Sleep-Enhancing IoT Devices on the Rise

Create: 03/24/2017 - 18:49
IoT sleep aids

Photo: Nightingale

 

Over the counter sleep technologies, apps and smart sleep monitors are not just a passing dream, they are here to stay, say sleep experts in an article in Intel IQ. IoT developers and medical technology companies have woken up in their efforts to tackle one of the most difficult challenges in healthcare: sleep deprivation.

The CDC reports that sleep eludes millions of Americans, and more than one-third of adults are affected by a “massive sleep debt” that leads to health problems, accidents at work and even physical exhaustion. The restless masses are hopeful that smart technology might be the best new sleep aid.

The study in the Journal of Sleep Medicine reports that sleep-tracking products are outselling health-tracking products on sites such as Kickstarter. A search for sleep apps returned more than 500 different applications, including sleep sounds, sleep trackers, sleep IQ calculators, sleep “pillow” audio and even a virtual nighttime fan. The report also notes that one of the top five paid apps was a sleep tracker and alarm clock.

The sleepless are using a plethora of devices and apps for help. Sleep technologies are categorized by delivery platform, including:

  • Mobile device apps (integrated with a mobile operating system and utilizing mobile device functions, such as the camera or microphone)
  • Wearable devices (on the body or attached to clothing)
  • Embedded devices (integrated into furniture or other fixtures in the native sleep environment)
  • Accessory appliances
  • Conventional desktop/website resources.

Their primary goals are facilitation of sleep induction or wakening, self-guided sleep assessment, entertainment, social connection, information sharing and sleep education.

A Smarter, Sleepier Home

Dr. Nathaniel F. Watson, M.D., a professor of neurology at the University of Washington in Seattle and co-author of the study, sees a light ahead for the sleep deprived. “Imagine a future where sleep information and technology is fully integrated into the home and into the consumer’s lifestyle,” he reports in the study. “Users could set their sleep and wake times, and learn about ideal sleep durations from their smartphones.”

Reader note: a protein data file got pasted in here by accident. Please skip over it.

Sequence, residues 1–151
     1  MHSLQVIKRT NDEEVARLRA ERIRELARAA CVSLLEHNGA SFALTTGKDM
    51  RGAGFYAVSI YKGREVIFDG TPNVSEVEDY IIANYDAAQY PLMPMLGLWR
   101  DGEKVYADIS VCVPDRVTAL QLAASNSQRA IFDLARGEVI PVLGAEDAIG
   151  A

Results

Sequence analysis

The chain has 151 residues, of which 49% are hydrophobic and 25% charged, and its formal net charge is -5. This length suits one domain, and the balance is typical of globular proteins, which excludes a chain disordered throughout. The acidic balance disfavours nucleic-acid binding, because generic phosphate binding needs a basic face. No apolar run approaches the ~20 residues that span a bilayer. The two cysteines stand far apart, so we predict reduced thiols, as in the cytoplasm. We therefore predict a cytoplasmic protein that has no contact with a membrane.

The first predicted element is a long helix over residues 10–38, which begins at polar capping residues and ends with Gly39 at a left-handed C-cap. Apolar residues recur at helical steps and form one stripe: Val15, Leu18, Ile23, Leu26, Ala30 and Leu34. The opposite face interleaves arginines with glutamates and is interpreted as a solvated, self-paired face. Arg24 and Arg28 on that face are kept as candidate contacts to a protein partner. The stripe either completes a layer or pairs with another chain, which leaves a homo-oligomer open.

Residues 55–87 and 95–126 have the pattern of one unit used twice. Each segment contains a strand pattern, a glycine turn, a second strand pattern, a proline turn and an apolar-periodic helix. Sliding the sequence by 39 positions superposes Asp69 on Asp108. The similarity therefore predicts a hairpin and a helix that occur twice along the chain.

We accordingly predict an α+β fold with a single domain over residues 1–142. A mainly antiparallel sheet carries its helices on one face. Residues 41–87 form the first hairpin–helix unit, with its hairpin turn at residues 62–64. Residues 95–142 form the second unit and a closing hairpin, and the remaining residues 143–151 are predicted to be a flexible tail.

Watson imagines the perfect sleep conditions, with the help of IoT, as this: You walk into the bedroom, lighting is automatically dimmed, blackout shades come down, and temperature is adjusted to the perfect setting for your optimal sleep. You have a white noise machine that comes on at the right volume levels to block out ambient sounds.

But the average consumer may have a difficult time putting together all the interoperable pieces. While wearable sleep aids and sleep monitors are consumer-driven technologies, the solution provider has a role in providing a connected smart home that offers a restful environment. The study notes that beyond measuring sleep, devices need to soothe the senses, creating an environment that allows users to fall asleep by providing optimal light, sound and temperature control.

Light for the Night

Light is a common cause of sleep issues, and exposure to blue light at night, emitted by electronics and energy-efficient light bulbs, can even be harmful to health. However, other types of light can be harnessed to improve the sleeping environment. For example, the GE C-Sleep LED bulb automatically transitions from night hues to bright light in the morning. The system can be controlled by a mobile app and has three settings: nighttime, morning and everything in between, including “calm” light in the evening to “vibrant” light in the morning.

Photo: C-Sleep by GE app

Distracting noises, whether from traffic, airplanes, neighbors or crying babies can also disrupt sleep. Technology that goes beyond the typical white noisemaker such as a fan is Nightingale, a smart home sleep system developed by Cambridge Sound Management. Nightingale masks distracting sounds with a connected home system that “blankets” a bedroom with sound customized for a room’s acoustics. It consists of two independent units, each with two speakers, and is controllable by Amazon Alexa. It also connects to smart home devices such as Ring, Nest and Philips Hue.

Another critical component of a good night’s sleep is temperature, as experts agree the sleep environment is best when cool. While Nest thermostats can control room temperatures, other products provide closer-up temperature control. Water-based cooling pillow pad Moona regulates a user’s pillow temperature, keeping it chilled while falling asleep and warm to wake up. The ChiliPAD cube lets users set a mattress temperature as low as 55 degrees or as warm as 110 degrees F.

Put together the perfect sleep-enhancing bundle for the smart home. Download the report, “Consumer Sleep Technologies: A Review of the Landscape.” Learn more about GE’s C-Sleep lighting, and find out about Nightingale IFTTT smart home integration. 

About Author

Patricia Schnaidt's picture
Patricia Schnaidt
Patricia Schnaidt is an expert business technology writer. She has held top publishing and editorial positions at InternetWeek, Network Computing, Windows Magazine and LAN Magazine. Schnaidt has written countless articles, lectured extensively, and authored "Enterprise-wide Networking" (Prentice-Hall). She holds a B.A. in Computer Science from Columbia College, Columbia University.

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